Past Preakness Stakes Winners that Racing Fans Will Never Forget

Past Preakness Stakes Winners that Racing Fans Will Never Forget

Winning the Preakness Stakes, the middle jewel of horse racing's Triple Crown, is a career-defining moment for any Thoroughbred racehorse. However, a handful of previous Preakness winners have separated themselves from the pack with record-breaking performances. Below we will look at the four horses that provided the biggest margin of victory in the Preakness Stakes.

Smarty Jones, 11 ½ Lengths (2004)--Smarty Jones entered the 2004 Preakness Stakes as already one of the most popular racehorses of the last 25 years in the United States. When winning the Kentucky Derby two weeks earlier, Smarty Jones became the first undefeated winner of the Kentucky Derby since Seattle Slew in 1977. In the Preakness Stakes, Smarty Jones easily put away his rivals when entering the stretch and then continued to extend his lead all the way to the wire to win by a whopping 11 1/2-lengths. Smarty Jones' eight-race winning streak and his quest for racing immortality finally ended three-weeks later when he finished a gallant second to Birdstone in the Belmont Stakes.

With the exception of Secretariat's Belmont Stakes win by a mind-blowing 31 lengths, this may be the most dominant performance in a Triple Crown race by any horse.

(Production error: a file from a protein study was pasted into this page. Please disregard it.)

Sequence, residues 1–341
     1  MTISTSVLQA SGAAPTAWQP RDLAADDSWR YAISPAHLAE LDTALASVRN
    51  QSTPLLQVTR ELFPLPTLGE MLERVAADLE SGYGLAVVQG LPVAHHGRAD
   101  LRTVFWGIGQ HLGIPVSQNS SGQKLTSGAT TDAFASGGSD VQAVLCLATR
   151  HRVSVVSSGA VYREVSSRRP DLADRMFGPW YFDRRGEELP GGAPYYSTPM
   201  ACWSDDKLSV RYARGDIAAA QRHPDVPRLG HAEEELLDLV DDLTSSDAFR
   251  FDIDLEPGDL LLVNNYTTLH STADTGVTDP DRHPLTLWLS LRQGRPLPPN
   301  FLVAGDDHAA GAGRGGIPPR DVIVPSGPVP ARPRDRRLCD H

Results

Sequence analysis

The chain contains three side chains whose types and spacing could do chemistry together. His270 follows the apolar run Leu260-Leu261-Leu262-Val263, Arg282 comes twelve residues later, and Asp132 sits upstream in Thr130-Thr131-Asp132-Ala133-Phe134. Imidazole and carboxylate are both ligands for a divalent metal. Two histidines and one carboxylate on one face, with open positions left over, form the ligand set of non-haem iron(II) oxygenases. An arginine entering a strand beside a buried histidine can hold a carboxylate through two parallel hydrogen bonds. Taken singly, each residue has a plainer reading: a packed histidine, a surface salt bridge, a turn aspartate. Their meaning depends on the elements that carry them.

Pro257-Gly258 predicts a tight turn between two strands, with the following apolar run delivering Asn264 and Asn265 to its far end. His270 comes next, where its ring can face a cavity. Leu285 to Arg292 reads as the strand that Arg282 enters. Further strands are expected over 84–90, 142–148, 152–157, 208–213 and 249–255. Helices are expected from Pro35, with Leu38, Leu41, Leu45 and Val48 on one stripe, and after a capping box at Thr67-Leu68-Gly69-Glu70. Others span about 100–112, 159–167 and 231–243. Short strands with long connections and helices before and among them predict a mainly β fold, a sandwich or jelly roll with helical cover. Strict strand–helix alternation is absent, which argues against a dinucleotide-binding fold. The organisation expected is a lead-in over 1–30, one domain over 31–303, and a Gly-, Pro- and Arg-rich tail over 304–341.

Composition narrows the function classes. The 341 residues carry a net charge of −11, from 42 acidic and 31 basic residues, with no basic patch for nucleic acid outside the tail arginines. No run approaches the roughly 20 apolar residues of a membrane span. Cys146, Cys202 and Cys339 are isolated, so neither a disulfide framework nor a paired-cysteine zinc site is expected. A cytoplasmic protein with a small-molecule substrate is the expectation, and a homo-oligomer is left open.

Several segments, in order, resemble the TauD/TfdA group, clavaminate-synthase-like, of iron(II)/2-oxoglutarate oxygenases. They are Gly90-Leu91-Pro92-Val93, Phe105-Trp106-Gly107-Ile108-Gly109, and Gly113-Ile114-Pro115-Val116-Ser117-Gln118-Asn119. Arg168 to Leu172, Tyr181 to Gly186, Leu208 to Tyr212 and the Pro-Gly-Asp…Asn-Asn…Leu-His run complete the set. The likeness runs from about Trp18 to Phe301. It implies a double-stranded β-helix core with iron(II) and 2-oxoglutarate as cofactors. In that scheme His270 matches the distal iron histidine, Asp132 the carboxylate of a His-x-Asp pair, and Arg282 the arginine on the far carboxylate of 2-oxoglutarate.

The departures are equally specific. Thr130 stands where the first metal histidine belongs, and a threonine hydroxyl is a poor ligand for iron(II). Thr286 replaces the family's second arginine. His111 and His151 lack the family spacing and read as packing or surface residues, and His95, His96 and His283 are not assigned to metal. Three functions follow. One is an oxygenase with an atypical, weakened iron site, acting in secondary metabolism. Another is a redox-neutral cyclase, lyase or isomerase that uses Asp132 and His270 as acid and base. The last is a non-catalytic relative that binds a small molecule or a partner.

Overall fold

Survivor, 10 Lengths (1873)--Survivor's romp came in the first-ever Preakness Stakes, which was held during the first spring race meeting of Pimlico Race Course in Baltimore, Md. The inaugural Preakness Stakes featured a field of seven and was contested at 1 1/2-miles, farther than the race's current distance of 1 3/16-miles. The son of Vandal was bred by John M. Clay, owned by John F. Chamberlin and trained by R. Wyndham Walden.

Funny Cide, 9 ¾ (2003)--Funny Cide was also coming off a record-setting Kentucky Derby victory when he entered the 2003 Preakness Stakes. Funny Cide's mild upset at Churchill Downs made him the first New York-bred to ever win the Kentucky Derby and also made him the first gelding to win the race since Clyde Van Dusen in 1929. Funny Cide's humble beginnings and colorful owners made him an instant star following the Kentucky Derby, but things really got going once Funny Cide crushed his Preakness foes by 9 3/4-lengths, which at the time was the second-largest margin of victory ever in the Preakness Stakes.

Unfortunately, the wears of the Triple Crown caught up with Funny Cide in the Belmont Stakes. He was in the race early, but two “fresh” horses that skipped the Preakness Stakes—Empire Maker and Ten Most Wanted—had more in reserve late and easily spurted clear of Funny Cide, who would wind up third.

Count Fleet, 8 Lengths (1943)--Count Fleet was the sport's sixth Triple Crown winner and is generally considered to be among the top racehorses of all time. After earning champion 2-year-old honors in 1942, Count Fleet would continue to roll the following year with wins in the Wood Memorial and Kentucky Derby prior to his eight-length demolition in the Preakness Stakes. Count Fleet would retire with 16 wins from 21 starts and earnings of just over a quarter-million dollars.




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